Fontana coated Spatial Concept with a glossy, sickly sweet, bubblegum-pink oil paint. Around its center, he incised a rough, circular outline. Inside, he tore two misshapen gashes into the canvas. The gashes are surrounded by swishes in the paint that resemble claw marks, suggesting a painter tearing at the fabric of his work with his own hands, brutally—carnally?—yanking apart the threads.
The artist’s decision to highlight his physical engagement—and significant struggle—with his materials creates a grotesque and even shudder-inducing effect: As the viewer approaches Spatial Concept
, the jagged tangles of thread and thick paint begin to look as though a body has been torn apart. (Such works have earned
Fontana allegations of misogyny. But when’s the last time you were really, viscerally disconcerted by an abstract painting?)
Practically, Fontana had to develop a new, rigorous methodology to create such evocative slashes. While the paint was still wet, Fontana would cut into his canvases with a Stanley knife. Once the paint dried, he manipulated the rips, using gauze to hold them in place. This process involved his brushes and hands, as well as non-traditional art tools. Fontana became a surgeon, his canvases the patients. It was an abusive relationship: To create his paintings, he had to scar them first.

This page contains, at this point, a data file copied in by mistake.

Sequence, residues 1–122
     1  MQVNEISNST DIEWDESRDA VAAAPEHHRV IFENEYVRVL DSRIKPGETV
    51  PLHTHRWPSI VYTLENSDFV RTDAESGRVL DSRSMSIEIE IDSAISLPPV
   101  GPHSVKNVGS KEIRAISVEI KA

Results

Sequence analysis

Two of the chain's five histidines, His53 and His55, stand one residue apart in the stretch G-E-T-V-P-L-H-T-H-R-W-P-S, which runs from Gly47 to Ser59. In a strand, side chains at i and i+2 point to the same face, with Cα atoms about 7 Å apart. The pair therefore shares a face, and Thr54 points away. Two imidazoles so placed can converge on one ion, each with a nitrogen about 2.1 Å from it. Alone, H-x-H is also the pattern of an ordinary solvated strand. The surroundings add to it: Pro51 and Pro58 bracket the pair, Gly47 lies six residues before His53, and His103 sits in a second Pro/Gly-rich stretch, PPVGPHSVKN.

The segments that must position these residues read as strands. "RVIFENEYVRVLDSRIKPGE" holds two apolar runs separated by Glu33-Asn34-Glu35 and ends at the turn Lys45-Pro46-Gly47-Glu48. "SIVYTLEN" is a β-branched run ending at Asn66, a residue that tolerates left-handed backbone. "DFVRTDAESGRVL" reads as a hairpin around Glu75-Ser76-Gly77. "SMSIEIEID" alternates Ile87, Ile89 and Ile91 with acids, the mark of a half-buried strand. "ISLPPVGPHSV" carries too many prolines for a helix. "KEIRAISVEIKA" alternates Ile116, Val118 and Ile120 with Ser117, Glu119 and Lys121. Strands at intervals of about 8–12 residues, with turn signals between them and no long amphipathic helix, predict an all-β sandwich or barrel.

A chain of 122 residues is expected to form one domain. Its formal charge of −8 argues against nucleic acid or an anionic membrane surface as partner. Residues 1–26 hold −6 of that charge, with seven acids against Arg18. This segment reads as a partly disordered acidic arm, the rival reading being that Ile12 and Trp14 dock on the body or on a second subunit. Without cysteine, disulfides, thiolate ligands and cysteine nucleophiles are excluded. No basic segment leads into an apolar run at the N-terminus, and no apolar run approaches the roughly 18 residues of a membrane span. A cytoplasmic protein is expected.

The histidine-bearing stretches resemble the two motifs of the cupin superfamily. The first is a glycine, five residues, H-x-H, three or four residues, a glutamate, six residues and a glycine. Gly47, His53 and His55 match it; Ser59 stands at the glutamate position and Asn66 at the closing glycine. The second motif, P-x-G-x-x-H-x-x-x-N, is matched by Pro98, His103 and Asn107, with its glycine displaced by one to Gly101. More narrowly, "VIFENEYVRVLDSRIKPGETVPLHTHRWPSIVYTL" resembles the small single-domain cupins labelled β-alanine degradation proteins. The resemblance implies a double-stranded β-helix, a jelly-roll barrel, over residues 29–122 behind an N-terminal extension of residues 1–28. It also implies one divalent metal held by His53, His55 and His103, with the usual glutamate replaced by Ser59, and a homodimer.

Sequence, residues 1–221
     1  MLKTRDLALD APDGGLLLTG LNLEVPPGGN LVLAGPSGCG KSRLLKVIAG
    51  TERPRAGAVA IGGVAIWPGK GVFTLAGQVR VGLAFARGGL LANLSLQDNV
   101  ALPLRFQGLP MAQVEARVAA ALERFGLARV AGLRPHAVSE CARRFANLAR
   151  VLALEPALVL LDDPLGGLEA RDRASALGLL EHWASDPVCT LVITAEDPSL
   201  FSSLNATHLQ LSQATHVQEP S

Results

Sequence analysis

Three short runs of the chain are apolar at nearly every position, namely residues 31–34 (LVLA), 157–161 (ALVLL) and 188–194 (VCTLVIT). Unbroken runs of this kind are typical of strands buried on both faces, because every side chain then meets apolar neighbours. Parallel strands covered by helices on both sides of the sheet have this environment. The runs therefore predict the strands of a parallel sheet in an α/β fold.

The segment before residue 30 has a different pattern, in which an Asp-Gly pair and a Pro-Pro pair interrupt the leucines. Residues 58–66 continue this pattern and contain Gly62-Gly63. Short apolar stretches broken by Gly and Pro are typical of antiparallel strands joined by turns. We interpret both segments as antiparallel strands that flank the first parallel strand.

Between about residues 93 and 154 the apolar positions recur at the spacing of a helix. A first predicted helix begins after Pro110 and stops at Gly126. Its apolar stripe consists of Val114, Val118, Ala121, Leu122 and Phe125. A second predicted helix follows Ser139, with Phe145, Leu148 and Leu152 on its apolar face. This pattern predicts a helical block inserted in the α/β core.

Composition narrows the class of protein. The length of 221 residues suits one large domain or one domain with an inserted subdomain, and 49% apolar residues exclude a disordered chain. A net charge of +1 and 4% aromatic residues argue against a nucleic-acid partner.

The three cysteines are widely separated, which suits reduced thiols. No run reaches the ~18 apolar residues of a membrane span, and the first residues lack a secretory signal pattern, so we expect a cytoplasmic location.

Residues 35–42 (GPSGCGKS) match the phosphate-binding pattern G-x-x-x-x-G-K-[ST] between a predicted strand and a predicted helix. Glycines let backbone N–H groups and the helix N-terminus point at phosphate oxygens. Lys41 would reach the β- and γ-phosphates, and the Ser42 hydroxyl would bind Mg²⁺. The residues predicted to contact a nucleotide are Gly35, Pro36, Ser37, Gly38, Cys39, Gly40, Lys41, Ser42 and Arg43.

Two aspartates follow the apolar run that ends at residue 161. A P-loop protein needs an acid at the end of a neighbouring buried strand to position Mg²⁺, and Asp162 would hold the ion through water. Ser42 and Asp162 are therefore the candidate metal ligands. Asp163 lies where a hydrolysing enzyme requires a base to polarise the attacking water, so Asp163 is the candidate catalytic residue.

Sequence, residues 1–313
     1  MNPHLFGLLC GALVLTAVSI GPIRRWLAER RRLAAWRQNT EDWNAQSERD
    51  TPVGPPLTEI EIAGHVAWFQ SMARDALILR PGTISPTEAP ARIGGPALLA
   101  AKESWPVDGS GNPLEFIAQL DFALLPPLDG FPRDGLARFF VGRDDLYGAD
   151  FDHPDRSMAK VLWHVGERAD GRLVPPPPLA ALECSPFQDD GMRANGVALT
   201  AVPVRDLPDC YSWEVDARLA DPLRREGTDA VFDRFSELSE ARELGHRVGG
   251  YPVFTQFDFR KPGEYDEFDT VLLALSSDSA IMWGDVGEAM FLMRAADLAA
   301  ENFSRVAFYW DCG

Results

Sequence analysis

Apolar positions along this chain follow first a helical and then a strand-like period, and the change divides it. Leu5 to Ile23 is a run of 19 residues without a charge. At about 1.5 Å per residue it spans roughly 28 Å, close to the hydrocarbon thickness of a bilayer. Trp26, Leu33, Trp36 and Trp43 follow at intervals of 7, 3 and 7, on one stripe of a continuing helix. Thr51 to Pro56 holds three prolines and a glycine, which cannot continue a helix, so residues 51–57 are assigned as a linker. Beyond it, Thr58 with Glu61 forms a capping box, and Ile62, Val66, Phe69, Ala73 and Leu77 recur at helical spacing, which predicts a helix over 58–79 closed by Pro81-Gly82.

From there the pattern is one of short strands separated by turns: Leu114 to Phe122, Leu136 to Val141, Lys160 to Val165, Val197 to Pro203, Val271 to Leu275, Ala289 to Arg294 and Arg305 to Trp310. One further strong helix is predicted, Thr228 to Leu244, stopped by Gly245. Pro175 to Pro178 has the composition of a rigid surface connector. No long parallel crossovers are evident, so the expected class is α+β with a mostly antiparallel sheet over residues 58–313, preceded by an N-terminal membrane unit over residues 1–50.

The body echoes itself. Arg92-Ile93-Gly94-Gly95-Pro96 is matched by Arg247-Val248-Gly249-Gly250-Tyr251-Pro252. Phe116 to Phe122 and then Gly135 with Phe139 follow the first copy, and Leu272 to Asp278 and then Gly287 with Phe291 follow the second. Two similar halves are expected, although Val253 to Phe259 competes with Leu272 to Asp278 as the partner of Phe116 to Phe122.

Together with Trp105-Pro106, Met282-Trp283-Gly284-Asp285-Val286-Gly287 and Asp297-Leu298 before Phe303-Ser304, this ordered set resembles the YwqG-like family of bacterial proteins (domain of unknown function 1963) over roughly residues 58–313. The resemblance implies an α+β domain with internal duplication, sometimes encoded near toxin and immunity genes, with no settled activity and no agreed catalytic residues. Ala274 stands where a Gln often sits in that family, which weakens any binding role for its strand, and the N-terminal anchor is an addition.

Fontana’s foray into such a violent form of artmaking was inspired by an unlikely source. Throughout the 1940s, as color television was becoming more commercially available, Fontana became particularly interested in the idea of screens
. In 1946, after decades of teaching art in Italy and Argentina while making sculptures shaped like underwater plant life or female busts, he co-authored The White Manifesto
. The treatise advocated for “
”—a form of artmaking that aimed to eliminate
the boundaries between architecture, sculpture, and painting, and embrace scientific achievements.